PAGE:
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Hobby or Business

Date: 7/1/2017

Author: Financial Hotline

The IRS defines a hobby as an activity that is not pursued for profit. A business, on the other hand, is an activity that is carried out with the reasonable expectation of earning a profit. The tax considerations are different for each activity, so it’s important for taxpayers to determine whether an activity is engaged in for profit as a business or is just a hobby for personal enjoyment.

Of course, you must report and pay tax on income from almost all sources, including hobbies. But when it comes to deductions such as expenses and losses, the two activities differ in their tax implications.

If you’re not sure whether you’re running a business or simply enjoying a hobby, here are nine factors you should consider:

1. Do you carry on the activity in a businesslike manner?

2. Does the time and effort you put into the activity indicate you intend to make it profitable?

3. Do you depend on income from the activity for your livelihood?

4. Are your losses due to circumstances beyond your control (or are normal in the startup phase of your type of business)?

5. Do you change your methods of operation to improve profitability?

6. Do you, or your advisors, have the knowledge needed to carry on the activity as a successful business?

7. Were you successful in making a profit in similar activities in the past?

8. Does the activity make a profit in some years?

9. Can you expect to make a future profit from the appreciation of the assets used in the activity?

The IRS looks at all factors but the primary test is whether or not you made a profit. If you made a profit at least three of the last five tax years, including the current year (or at least two of the last seven years for activities that consist primarily of breeding, showing, training, or racing horses) then your hobby can be considered a business.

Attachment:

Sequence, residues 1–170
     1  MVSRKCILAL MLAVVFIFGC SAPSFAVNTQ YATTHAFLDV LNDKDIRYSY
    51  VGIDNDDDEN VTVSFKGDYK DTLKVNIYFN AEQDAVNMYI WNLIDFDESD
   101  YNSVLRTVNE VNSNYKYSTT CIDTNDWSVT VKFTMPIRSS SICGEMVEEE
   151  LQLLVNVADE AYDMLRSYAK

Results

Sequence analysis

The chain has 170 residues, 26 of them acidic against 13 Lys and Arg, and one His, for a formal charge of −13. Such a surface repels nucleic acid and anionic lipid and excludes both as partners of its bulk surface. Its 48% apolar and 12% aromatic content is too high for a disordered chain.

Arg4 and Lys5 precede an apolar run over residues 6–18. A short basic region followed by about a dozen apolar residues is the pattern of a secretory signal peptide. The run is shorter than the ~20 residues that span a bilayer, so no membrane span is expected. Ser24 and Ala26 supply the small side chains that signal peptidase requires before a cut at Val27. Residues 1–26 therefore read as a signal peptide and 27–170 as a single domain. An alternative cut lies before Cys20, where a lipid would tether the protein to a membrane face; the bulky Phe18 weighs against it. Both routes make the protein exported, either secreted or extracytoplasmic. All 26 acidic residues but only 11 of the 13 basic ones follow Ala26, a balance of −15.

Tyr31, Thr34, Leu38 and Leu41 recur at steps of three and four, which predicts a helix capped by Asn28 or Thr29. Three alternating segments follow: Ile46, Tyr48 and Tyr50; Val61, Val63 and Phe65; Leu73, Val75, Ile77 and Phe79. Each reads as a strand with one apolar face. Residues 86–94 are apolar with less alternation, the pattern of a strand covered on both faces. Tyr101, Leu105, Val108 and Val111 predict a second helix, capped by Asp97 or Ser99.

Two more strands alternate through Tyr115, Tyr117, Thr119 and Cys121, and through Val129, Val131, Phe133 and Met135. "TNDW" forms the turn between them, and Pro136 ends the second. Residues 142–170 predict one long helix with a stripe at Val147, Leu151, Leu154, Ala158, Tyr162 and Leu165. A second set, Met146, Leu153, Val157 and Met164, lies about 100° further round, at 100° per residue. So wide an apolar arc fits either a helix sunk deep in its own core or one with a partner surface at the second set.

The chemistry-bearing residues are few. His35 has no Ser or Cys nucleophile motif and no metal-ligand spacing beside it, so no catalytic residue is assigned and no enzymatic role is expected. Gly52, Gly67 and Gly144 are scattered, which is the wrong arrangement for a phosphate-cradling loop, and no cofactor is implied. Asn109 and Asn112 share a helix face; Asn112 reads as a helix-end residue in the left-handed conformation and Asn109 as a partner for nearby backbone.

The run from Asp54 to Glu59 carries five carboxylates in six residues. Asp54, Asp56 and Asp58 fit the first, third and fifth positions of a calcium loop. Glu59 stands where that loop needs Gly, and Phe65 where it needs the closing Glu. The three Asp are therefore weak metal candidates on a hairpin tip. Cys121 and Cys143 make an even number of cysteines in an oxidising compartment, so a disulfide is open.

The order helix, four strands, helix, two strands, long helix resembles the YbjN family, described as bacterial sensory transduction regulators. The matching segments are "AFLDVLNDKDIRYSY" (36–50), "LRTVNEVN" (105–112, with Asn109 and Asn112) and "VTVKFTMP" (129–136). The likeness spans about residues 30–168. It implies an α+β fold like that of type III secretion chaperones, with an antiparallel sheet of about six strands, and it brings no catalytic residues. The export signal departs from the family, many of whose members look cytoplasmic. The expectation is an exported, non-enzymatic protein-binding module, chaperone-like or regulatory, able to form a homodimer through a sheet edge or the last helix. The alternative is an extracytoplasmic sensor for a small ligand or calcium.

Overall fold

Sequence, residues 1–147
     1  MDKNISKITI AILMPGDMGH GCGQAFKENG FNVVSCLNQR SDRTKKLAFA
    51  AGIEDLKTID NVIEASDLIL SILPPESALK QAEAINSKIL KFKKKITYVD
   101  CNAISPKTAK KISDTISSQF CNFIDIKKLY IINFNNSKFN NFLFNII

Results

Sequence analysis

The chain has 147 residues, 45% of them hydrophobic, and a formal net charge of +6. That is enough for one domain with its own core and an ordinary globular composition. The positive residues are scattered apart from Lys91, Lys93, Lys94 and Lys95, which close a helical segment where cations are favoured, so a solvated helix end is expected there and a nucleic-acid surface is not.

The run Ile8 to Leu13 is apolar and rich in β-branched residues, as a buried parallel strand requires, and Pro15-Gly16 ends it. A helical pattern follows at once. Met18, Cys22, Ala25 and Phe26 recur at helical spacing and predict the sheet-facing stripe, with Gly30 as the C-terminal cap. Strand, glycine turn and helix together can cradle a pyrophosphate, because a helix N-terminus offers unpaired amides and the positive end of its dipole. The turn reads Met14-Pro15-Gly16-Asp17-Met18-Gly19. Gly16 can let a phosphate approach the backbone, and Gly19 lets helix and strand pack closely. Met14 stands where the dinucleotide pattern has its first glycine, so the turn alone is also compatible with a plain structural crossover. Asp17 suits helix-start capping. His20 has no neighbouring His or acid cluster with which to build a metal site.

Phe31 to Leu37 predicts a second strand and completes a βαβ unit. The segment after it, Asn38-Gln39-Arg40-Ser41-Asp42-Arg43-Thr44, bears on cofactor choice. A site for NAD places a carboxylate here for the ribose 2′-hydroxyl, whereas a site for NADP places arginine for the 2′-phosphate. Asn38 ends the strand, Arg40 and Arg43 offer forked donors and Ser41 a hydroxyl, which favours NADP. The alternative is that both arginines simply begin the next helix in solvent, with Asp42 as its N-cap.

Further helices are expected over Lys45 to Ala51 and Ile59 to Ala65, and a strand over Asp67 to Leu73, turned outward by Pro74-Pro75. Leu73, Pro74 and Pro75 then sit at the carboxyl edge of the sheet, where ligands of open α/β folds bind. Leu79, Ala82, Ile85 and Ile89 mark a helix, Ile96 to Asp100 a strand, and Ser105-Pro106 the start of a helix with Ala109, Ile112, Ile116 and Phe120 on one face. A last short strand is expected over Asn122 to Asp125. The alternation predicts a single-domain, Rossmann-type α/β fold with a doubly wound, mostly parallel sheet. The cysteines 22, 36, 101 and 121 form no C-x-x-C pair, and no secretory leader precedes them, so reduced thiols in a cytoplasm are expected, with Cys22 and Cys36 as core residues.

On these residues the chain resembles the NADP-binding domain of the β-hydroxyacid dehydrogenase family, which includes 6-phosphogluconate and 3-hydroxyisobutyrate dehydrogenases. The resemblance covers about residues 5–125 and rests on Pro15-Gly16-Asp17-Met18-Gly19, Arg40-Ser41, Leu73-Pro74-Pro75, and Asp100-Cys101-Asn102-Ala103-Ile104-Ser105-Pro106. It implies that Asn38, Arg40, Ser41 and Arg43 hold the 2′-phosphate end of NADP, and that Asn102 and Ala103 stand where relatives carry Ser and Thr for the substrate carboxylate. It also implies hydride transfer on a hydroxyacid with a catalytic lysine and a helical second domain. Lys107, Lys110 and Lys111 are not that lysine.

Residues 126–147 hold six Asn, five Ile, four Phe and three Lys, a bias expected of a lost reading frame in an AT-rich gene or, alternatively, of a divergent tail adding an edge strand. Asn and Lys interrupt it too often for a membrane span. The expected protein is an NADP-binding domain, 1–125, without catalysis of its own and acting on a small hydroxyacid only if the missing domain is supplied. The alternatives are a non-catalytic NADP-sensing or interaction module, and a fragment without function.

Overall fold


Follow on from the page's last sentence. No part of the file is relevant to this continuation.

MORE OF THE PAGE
If the activity is determined to be a business, you can deduct ordinary and necessary expenses for the operation of the business on a Schedule C or C-EZ on your Form 1040 without considerations for percentage limitations. An ordinary expense is one that is common and accepted in your trade or business. A necessary expense is one that is appropriate for your business.

If an activity is a hobby, not for profit, losses from that activity may not be used to offset other income. You can only deduct expenses up to the amount of income earned from the hobby. These expenses, with other miscellaneous expenses, are itemized on Schedule A and must also meet the two percent limitation of your adjusted gross income to be deducted.

The following deductions can be claimed for a hobby as itemized deductions on Schedule A, Form 1040. These deductions must be taken in the following order and only to the extent stated in each of three categories:

1. Deductions that a taxpayer may claim for certain personal expenses, such as home mortgage interest and taxes, may be taken in full.

2. Deductions that don’t result in an adjustment to the basis of property, such as advertising, insurance premiums, and wages, may be taken next, to the extent gross income for the activity is more than the deductions from the first category.

3. Deductions that reduce the basis of property, such as depreciation and amortization, are taken last, but only to the extent gross income for the activity is more than the deductions taken in the first two categories.

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